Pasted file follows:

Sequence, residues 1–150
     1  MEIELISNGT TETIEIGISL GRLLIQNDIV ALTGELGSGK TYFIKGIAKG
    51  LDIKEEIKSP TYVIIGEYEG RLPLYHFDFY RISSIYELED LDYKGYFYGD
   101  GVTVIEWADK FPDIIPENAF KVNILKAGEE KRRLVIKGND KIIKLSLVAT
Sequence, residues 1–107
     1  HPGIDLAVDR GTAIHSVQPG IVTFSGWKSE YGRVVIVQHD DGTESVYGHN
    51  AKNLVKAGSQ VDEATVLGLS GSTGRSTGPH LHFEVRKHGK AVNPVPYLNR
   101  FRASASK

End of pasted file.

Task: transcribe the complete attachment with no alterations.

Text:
Sequence, residues 1–150
     1  MEIELISNGT TETIEIGISL GRLLIQNDIV ALTGELGSGK TYFIKGIAKG
    51  LDIKEEIKSP TYVIIGEYEG RLPLYHFDFY RISSIYELED LDYKGYFYGD
   101  GVTVIEWADK FPDIIPENAF KVNILKAGEE KRRLVIKGND KIIKLSLVAT
Sequence, residues 1–107
     1  HPGIDLAVDR GTAIHSVQPG IVTFSGWKSE YGRVVIVQHD DGTESVYGHN
    51  AKNLVKAGSQ VDEATVLGLS GSTGRSTGPH LHFEVRKHGK AVNPVPYLNR
   101  FRASASK